It is worth mentioning here that once the resolution plan prepared and presented by the lenders is ratified by the OC, it will be binding on all lenders. They will, however, have the option to exit as per the extant guidelines on Joint Lenders' Forum (JLF) and Corrective Action Plan (CAP).

CHALLENGES FOR THE IMPLEMENTATION OF THE SCHEME:

While the scheme will be applicable only to projects which have commenced commercial operations, the projects which have not been able to achieve commercial operations due to some issues would not get benefit under this Scheme.

Further, under this Scheme, the RBI requires that for a debt to be sustainable in nature, the Joint Lenders Forum (JLF)/Consortium of lenders/bank should conclude through independent TEV that debt of that principal value amongst the current funded/non-funded liabilities owed to institutional lenders can be serviced over the same tenor as that of the existing facilities even if the future cash flows remain at their current level. Accordingly, to apply this Scheme, the borrower should have ability to repay atleast 50% of its funded liabilities.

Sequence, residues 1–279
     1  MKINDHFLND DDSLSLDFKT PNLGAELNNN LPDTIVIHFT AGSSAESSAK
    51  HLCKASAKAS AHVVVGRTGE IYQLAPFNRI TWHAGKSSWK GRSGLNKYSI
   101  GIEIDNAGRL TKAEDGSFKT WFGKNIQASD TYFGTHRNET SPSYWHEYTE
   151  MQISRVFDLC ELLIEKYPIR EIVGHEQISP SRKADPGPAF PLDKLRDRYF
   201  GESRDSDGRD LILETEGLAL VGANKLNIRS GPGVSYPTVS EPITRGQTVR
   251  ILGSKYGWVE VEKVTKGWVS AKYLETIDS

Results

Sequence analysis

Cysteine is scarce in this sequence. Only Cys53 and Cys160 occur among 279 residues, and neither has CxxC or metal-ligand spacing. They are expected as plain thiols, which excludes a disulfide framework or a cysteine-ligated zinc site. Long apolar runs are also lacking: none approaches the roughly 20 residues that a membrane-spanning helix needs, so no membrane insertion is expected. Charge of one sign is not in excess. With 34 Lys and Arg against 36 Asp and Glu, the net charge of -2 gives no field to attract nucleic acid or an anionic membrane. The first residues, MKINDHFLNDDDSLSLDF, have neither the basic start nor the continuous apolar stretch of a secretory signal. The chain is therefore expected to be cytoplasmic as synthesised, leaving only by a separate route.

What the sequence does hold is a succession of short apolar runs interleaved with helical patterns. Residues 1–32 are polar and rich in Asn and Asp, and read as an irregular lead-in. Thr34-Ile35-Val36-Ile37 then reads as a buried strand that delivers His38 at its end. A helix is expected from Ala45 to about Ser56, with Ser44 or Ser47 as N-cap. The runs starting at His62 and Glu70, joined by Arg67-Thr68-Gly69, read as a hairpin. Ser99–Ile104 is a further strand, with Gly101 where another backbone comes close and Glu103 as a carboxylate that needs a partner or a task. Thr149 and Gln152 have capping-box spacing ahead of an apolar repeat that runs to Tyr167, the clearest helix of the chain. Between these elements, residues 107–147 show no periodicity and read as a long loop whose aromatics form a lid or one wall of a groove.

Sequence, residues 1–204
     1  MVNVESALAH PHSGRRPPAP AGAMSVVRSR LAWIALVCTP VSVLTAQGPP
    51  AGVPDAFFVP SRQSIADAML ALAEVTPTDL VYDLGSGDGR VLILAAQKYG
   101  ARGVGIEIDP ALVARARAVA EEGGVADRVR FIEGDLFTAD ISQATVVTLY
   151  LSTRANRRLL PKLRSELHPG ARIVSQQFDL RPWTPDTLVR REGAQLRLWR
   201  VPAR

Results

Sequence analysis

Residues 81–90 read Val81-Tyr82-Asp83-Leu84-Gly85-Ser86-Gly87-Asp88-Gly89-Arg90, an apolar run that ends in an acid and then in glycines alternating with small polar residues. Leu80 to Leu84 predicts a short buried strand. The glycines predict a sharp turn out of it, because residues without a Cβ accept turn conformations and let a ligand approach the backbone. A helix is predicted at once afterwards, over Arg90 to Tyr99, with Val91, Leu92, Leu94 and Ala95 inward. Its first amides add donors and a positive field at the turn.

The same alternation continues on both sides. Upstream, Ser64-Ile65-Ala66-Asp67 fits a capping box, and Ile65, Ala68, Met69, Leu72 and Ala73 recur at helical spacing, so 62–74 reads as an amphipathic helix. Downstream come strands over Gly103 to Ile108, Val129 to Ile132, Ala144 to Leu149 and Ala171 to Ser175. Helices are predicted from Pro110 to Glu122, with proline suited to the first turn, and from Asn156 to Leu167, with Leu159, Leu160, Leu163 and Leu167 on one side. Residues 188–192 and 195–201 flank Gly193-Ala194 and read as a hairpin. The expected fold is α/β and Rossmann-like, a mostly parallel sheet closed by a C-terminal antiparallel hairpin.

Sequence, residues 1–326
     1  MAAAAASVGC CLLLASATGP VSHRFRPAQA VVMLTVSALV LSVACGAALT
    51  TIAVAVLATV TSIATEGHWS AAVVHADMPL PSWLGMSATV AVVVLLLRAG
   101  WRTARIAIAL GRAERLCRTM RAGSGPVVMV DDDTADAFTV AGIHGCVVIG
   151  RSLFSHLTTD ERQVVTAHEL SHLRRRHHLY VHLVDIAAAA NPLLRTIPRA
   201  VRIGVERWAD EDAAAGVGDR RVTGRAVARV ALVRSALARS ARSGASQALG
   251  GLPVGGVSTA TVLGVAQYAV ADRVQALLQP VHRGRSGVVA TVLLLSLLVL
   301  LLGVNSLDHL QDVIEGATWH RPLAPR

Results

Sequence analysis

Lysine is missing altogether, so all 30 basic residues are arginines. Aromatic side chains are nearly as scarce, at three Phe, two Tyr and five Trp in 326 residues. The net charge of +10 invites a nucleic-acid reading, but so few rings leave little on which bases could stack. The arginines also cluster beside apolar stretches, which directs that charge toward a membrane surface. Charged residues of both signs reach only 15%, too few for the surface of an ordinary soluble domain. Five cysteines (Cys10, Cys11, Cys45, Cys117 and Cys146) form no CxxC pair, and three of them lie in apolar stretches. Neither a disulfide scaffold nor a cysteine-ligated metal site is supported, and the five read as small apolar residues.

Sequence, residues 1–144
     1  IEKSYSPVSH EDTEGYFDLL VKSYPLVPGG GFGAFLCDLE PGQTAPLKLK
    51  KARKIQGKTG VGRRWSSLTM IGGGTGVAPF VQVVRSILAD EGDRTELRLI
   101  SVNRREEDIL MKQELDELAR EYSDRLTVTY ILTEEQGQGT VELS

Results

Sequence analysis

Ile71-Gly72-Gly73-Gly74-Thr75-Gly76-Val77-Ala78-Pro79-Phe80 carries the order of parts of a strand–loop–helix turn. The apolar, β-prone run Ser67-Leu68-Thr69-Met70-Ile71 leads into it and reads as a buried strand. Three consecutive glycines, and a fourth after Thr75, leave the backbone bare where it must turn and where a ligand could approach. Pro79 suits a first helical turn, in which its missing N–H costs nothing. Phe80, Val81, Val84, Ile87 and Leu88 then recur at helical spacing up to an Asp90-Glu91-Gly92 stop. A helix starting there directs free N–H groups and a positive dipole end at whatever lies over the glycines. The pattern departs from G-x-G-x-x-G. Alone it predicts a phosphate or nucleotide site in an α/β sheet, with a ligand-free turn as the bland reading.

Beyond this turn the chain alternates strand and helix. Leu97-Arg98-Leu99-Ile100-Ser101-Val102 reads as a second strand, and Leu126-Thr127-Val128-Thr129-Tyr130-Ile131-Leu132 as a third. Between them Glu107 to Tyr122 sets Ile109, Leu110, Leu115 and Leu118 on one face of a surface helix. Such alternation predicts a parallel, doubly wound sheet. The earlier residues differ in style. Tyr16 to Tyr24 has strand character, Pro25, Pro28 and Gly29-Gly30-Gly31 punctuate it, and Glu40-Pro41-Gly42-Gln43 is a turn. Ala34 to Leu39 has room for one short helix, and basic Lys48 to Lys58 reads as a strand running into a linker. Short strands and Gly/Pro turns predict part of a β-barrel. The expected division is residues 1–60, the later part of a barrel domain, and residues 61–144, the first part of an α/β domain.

CONCLUSION:

The RBI has introduced this Scheme with the objective of providing banks a greater flexibility to structure the stressed assets in the Indian economy. The ultimate purpose of this Scheme is to reduce the number of non-performing assets which is rising extensively.